Presentation on theme: "Enzymes. Are biological catalysts Catalysts are substances that that increase the speed of a chemical reaction by lowering the energy requirement Although."— Presentation transcript:
Are biological catalysts Catalysts are substances that that increase the speed of a chemical reaction by lowering the energy requirement Although a catalyst influences a chemical reaction, it is not itself permanently changed, nor does it cause the reaction to occur. A catalyst can increase the rate of a chemical reaction but cannot cause the reaction.
Enzymes Catalysts are not used up so they can be used over and over again. Enzymes are organic catalysts produced by the body The reactant in an enzyme catalyzed reaction is called the substrate The active site of an enzyme is the small portion of the molecule that is responsible for the catalytic action of the enzyme. Enzyme provide a chemical pathway that has a lower activation energy than that without the enzyme.
Enzymes. Enzymes are highly specific with varying degrees of specificity. Some enzymes exhibit absolute specificity That is they act on substrate and only on that substrate. Some enzymes also exhibit stereo specificity. Such enzymes can detect difference between optical isomers.. mirror images and select only one of such isomers. Some enzymes are linkage specific i.e they catalyze the reaction that breaks the bond only between specific groups.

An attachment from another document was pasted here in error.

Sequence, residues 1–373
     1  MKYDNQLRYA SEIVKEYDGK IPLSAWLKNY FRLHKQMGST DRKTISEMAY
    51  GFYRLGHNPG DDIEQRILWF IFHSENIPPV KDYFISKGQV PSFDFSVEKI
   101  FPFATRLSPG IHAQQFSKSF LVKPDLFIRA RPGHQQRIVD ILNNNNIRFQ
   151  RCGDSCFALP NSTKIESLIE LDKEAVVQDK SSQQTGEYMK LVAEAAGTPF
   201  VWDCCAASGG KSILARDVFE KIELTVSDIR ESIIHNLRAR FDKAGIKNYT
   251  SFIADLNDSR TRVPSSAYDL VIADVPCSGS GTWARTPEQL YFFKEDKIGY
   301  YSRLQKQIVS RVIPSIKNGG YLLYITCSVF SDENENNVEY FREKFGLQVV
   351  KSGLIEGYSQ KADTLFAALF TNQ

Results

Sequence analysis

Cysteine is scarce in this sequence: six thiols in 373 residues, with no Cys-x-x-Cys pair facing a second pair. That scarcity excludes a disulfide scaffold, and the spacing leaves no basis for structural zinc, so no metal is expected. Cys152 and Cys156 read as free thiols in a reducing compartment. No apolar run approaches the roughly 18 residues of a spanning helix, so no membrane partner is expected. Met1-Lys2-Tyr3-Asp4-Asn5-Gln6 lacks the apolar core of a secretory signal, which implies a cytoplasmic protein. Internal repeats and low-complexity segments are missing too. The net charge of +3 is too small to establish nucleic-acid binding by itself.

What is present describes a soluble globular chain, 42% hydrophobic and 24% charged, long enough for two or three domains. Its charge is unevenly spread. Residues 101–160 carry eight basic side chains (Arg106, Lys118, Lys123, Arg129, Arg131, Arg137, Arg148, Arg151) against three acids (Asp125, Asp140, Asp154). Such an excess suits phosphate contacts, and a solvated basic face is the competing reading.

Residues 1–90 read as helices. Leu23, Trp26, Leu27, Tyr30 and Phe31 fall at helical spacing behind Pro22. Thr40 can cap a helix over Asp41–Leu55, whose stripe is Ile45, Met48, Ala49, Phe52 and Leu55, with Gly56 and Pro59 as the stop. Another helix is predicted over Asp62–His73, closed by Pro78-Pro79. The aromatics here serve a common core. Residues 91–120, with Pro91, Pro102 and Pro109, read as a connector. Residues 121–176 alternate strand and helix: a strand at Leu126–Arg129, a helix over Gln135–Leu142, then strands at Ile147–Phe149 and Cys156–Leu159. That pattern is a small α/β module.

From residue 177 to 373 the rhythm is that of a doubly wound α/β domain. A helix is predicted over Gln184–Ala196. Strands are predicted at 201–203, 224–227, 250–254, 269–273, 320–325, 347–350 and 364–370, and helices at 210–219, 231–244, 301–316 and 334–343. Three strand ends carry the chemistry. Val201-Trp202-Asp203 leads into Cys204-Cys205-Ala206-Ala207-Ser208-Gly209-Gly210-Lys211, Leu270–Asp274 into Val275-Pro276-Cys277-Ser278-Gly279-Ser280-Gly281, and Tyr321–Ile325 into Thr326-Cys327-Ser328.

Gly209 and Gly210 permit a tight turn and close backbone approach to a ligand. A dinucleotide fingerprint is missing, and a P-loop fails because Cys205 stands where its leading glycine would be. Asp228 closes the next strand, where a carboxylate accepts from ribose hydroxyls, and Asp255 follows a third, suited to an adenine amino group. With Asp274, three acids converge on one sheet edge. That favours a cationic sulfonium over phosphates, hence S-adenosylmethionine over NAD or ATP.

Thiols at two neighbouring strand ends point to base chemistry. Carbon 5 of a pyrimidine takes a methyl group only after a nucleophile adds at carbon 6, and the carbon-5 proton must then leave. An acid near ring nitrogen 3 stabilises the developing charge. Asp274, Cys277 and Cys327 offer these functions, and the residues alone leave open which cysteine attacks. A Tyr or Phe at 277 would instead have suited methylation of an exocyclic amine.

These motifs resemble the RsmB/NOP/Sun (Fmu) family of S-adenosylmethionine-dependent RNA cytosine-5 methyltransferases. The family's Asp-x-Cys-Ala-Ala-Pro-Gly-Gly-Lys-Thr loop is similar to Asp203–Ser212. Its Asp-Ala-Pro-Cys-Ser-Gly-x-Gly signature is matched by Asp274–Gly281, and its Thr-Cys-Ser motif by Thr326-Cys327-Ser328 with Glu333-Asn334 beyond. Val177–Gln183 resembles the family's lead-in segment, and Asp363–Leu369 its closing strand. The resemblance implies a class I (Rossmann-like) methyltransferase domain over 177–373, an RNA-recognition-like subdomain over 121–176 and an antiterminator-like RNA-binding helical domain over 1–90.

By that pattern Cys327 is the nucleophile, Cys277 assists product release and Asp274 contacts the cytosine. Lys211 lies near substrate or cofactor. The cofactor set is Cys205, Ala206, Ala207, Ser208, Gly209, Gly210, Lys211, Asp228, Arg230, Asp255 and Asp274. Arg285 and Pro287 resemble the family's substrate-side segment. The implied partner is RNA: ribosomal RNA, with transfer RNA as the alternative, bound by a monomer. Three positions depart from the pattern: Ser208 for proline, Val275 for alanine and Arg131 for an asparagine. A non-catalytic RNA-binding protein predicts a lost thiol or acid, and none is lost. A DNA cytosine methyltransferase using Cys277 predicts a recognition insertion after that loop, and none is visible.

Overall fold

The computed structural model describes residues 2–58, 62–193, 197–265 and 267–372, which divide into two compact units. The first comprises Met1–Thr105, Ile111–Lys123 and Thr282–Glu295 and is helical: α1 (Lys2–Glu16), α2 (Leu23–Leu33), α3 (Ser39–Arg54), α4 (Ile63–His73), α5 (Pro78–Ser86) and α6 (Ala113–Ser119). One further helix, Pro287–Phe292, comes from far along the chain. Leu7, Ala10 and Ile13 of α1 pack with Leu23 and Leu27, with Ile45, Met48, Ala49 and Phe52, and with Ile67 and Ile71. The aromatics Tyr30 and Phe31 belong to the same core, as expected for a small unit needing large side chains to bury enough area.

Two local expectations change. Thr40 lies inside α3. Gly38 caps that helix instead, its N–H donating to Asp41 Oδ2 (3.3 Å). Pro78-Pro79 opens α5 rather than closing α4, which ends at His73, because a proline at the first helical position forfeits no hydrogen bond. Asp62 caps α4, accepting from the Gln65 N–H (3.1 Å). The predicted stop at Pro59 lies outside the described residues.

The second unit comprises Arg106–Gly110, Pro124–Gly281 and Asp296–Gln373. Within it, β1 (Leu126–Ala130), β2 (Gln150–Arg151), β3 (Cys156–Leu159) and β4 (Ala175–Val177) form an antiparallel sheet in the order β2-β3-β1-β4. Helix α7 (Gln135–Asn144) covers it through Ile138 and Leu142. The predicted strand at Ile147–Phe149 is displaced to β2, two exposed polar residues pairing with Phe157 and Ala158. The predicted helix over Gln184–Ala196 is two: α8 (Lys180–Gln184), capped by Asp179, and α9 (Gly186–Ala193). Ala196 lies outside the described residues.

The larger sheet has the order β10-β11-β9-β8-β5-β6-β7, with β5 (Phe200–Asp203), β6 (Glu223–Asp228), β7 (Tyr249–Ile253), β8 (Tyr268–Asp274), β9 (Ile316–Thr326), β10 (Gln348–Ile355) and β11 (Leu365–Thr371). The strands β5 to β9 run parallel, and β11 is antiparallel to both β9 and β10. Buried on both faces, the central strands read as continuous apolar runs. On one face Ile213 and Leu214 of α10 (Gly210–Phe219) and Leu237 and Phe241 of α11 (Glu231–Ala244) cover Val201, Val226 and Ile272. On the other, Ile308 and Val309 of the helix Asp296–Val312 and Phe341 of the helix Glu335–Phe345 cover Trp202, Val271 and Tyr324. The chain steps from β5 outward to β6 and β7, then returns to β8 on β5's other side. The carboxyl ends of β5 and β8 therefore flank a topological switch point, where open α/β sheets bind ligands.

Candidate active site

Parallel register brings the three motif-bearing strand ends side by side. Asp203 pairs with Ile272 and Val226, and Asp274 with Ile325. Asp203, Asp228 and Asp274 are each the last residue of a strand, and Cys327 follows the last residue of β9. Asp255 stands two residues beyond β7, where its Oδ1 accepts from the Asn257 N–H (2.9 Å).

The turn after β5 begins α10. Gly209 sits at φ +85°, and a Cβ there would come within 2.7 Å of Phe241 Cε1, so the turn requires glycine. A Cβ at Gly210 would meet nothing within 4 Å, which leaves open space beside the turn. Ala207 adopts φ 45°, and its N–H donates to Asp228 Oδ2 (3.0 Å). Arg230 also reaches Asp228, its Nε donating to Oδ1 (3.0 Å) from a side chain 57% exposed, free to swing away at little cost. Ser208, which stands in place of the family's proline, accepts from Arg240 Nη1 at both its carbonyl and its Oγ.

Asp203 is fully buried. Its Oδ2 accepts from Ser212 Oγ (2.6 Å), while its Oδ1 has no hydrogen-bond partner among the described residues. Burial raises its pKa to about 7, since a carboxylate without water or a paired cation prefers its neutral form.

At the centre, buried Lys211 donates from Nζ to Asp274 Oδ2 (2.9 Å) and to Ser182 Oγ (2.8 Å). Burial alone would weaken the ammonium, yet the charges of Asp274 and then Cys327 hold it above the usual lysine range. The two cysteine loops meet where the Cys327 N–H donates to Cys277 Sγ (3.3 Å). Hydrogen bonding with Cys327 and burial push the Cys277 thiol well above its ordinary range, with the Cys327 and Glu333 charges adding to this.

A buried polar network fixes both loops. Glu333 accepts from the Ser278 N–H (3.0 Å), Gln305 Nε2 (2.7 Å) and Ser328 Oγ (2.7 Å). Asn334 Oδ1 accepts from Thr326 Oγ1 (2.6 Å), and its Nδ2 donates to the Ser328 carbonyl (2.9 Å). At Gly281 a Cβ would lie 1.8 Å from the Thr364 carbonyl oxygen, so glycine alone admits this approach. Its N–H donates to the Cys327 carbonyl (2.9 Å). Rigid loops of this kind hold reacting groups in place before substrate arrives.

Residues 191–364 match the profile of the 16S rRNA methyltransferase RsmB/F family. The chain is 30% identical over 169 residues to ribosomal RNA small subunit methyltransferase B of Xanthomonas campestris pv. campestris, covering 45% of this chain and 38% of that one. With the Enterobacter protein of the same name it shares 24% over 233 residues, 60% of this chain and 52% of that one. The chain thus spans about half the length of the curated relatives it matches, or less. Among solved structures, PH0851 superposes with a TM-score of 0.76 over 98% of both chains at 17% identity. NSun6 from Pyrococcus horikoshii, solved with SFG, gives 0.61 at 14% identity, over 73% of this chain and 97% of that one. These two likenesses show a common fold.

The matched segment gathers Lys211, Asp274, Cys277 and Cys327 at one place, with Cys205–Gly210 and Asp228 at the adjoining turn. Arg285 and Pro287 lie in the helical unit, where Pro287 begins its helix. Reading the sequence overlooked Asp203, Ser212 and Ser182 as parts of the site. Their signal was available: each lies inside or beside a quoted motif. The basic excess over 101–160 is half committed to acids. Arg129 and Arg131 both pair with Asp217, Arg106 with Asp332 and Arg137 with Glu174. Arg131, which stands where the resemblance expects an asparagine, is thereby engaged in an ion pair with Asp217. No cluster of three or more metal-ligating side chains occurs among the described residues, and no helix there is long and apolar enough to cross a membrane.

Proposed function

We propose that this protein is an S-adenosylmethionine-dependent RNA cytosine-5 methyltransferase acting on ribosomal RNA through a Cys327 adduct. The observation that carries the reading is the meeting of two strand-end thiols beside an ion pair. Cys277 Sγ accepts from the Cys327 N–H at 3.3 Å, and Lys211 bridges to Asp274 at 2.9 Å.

Enzymes For example the enzyme thrombin will break the bonds between amino acids arginine and glycine and does not affect bonds between other amino acids. Other enzymes exhibit reaction specificity i.e. they catalyze certain types of reaction E.g. Carbohydrases catalyzes the hydrolysis of carbohydrates. Other enzymes exhibit group specificity e.g. chymotrypsin catalyzes the hydrolysis of only those proteins that contain phenylalanine, tryptophan or tyrosine
Regulation The activities of enzymes is closely regulated. There are substances in the cells that can increase or decrease the activity of the enzyme and thus control the rate of that particular reaction. Enzymes are proteins and so undergo the same reactions. They are coagulated by heat, alcohol, strong acids.
Regulation Temperature PH Effects of concentration.
Activators and inhibitors Inorganic substances that tend to increase the activity of an enzyme are called activators. For example, the magnesium ion (Mg2+) is an inorganic activator for the enzyme phosphatase, and zinc ion (Zn2+) is an activator for the enzyme carbonic anhydrase. An enzyme inhibitor is any substance that will make an enzyme less active or render it inactive. Enzyme inhibitors that bind reversibly to the active site and so block access by the substrate are called competitive inhibitors.
Activators and inhibitors Their effect can be overcome by increasing the concentration of the substrate. Other inhibitors that bind to another site on the enzyme to render it less active or inactive are called non competitive inhibitors. They act by changing the conformation of the enzyme, thereby reducing or stopping its activity. Irreversible inhibitors form strong covalent bonds with the enzymes rendering it inactive.